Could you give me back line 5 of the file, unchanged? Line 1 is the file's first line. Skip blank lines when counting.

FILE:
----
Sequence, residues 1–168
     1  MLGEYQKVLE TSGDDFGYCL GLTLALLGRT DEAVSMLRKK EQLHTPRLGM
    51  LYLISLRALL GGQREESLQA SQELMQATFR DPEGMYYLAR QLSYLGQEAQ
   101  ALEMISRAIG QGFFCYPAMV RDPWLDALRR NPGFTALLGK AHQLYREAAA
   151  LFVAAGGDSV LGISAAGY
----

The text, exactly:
   151  LFVAAGGDSV LGISAAGY